The one thing to notice about Cusack in the 2000s is his willingness to star in thrillers and how he transforms his eccentricities into the real strengths of those characters he plays.  This is the first film that the audience really sees the beauty of having an eccentric actor in a leading role.  He is able to tell more about his character and endow the script with his mannerisms and facial expressions.  I think, as far as acting goes, we will see that the 2000s is Cusack’s most important decade as an actor.  Not every film is great, but his acting is stellar and he is able to figure out how to best use his eccentricities to his advantage in acting instead of just allowing them to bring a certain odd, but enjoyable awkwardness to the film.  Identity is my first case in point for this argument.  Watch it several times and you will be surprised at how many layers you will find in the film.

The Cusack Chronicles: Identity (2003)

As I was going up the stair, I met a man who wasn’t there. He wasn’t there again today. I wish, I wish he’d go away. 

These are the first lines of the movie and after you have watched the film, the audience realizes how close this phrase comes to giving away the plot of the whole film.  James Mangold, though not a director that you will find on the Oscar bill very often, does excellent work on what films he picks to do.  This one is no exception.  Though panned by some critics to be too much of a “flash-in-the-pan” thriller (in the same vein as Shyamalan), this movie has more to it than just a twist ending.  Yes, there is one, but it is not there just as a plot device but as a means of shifting the whole landscape of the story for the rest of the film.  This movie plays out like an Alfred Hitchcock film.  Nothing is as it seems.  Mangold, also, cleverly tossed in every cliche that is usually in these kinds of supernatural who-dun-it films only to show how absurd those actually are (including a brilliant jab at Spielberg’s massacre of the Tobe Hooper-helmed Poltergeist with the suggestion of the Indian burial ground).  Once the audience gets past the “trick” of the film, they are not just left with a clever ending, but a challenge as to the nature of identity in general.  What constitutes identity and how does it manifest itself in the average person.  Nonetheless, there is a lot that is good and intelligent about this movie, including an ensemble casting of mainly character actors to fill out the film.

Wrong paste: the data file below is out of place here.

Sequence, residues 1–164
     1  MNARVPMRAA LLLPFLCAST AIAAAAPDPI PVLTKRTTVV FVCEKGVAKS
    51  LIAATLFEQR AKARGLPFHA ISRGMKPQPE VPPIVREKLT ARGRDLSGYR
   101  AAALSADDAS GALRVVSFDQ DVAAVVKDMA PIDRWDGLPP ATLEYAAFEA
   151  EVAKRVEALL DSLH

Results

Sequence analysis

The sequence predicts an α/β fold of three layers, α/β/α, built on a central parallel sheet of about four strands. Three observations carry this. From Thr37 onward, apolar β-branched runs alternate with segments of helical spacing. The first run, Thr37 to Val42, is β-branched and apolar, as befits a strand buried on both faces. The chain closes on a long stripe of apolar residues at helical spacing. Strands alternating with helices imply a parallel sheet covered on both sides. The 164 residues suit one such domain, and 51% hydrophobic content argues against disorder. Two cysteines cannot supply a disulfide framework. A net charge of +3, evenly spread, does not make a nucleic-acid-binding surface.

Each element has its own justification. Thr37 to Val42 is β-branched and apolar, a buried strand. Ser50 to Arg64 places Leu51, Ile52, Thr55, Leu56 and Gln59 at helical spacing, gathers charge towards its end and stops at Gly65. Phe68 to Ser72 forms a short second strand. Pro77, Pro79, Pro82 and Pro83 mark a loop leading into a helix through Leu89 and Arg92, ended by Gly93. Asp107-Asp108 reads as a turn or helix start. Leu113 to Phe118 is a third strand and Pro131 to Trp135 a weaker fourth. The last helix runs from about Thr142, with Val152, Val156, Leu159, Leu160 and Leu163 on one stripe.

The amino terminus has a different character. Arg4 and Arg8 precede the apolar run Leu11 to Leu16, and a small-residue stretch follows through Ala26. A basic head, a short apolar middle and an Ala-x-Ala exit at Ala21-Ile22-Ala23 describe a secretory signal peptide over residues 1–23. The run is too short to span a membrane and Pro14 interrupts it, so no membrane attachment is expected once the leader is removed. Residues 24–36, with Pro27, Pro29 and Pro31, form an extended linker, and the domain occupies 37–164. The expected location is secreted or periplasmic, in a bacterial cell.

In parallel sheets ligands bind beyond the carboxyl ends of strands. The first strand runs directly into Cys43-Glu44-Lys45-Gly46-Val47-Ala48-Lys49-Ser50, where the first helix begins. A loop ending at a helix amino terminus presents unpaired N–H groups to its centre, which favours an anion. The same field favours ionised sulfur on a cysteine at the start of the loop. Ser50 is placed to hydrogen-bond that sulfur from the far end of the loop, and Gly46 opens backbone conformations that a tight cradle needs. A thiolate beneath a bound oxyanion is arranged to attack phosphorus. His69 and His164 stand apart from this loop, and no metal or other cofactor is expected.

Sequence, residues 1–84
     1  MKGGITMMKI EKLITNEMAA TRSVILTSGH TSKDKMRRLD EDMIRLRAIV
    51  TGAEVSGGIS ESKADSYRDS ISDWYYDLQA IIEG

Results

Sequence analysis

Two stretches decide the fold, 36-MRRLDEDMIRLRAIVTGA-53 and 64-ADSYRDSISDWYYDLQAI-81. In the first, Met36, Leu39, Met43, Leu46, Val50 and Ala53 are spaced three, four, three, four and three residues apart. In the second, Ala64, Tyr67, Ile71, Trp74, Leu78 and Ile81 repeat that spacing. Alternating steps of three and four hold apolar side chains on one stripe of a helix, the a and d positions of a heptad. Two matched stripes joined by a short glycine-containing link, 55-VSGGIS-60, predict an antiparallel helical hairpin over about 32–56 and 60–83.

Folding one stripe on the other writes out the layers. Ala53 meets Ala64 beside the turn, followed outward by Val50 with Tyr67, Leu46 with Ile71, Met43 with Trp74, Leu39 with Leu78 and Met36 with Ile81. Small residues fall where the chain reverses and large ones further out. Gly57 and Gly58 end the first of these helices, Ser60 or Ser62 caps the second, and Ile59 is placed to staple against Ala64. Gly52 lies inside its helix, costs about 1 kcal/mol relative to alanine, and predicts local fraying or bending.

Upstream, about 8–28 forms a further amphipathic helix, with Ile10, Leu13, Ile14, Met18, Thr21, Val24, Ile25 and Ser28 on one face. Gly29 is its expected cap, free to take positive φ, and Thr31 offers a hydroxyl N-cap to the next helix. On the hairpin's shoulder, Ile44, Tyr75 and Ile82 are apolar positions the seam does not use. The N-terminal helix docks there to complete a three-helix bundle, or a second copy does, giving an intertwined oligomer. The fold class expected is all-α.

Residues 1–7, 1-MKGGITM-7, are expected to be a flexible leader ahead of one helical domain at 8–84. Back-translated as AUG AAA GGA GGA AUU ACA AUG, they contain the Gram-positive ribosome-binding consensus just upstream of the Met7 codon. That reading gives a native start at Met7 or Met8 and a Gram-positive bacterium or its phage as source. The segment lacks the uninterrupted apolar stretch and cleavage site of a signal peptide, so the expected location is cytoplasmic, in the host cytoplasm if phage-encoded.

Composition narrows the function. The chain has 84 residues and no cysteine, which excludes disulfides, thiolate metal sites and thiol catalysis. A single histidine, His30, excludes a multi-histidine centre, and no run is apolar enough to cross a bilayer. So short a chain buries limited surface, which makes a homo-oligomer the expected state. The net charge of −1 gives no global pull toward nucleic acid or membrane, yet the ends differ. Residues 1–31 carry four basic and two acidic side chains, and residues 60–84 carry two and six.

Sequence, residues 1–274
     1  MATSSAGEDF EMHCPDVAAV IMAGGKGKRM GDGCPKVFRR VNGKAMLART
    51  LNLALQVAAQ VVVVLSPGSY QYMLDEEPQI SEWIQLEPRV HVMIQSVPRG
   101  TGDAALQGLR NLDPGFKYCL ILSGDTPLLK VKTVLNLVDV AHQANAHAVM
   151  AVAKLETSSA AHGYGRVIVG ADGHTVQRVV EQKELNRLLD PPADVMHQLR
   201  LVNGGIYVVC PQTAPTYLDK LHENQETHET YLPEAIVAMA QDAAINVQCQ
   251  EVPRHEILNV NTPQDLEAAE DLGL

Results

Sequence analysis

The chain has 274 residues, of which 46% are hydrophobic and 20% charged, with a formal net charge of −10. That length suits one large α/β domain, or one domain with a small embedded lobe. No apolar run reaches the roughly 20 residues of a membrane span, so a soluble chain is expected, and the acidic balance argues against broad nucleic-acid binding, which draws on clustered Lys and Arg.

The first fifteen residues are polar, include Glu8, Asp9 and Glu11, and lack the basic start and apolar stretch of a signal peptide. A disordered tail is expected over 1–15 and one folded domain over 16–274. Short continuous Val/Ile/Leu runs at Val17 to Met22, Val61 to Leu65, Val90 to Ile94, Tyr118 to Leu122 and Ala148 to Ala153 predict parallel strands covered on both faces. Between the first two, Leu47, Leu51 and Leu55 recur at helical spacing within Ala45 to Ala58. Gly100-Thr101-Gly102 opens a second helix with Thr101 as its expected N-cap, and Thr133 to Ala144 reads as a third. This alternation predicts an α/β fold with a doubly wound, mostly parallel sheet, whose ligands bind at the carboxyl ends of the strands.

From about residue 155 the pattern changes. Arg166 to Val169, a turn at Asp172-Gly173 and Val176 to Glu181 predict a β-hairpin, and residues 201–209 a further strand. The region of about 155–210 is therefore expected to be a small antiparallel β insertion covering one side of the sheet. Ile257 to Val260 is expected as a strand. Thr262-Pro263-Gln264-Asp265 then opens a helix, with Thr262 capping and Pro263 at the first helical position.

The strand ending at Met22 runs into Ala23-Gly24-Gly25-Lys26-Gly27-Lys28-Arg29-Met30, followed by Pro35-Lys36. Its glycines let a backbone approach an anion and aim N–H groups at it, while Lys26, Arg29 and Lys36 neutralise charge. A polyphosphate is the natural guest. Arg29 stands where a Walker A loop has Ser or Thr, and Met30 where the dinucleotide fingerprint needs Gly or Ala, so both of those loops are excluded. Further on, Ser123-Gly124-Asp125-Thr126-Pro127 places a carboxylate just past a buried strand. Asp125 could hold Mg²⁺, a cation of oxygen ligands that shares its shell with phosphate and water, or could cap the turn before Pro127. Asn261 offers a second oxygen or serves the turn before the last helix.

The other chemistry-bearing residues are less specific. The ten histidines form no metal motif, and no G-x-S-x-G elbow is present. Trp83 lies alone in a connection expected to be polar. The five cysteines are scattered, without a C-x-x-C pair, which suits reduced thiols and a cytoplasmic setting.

The one thing to notice about Cusack in the 2000s is his willingness to star in thrillers and how he transforms his eccentricities into the real strengths of those characters he plays.  This is the first film that the audience really sees the beauty of having an eccentric actor in a leading role.  He is able to tell more about his character and endow the script with his mannerisms and facial expressions.  I think, as far as acting goes, we will see that the 2000s is Cusack’s most important decade as an actor.  Not every film is great, but his acting is stellar and he is able to figure out how to best use his eccentricities to his advantage in acting instead of just allowing them to bring a certain odd, but enjoyable awkwardness to the film.  Identity is my first case in point for this argument.  Watch it several times and you will be surprised at how many layers you will find in the film.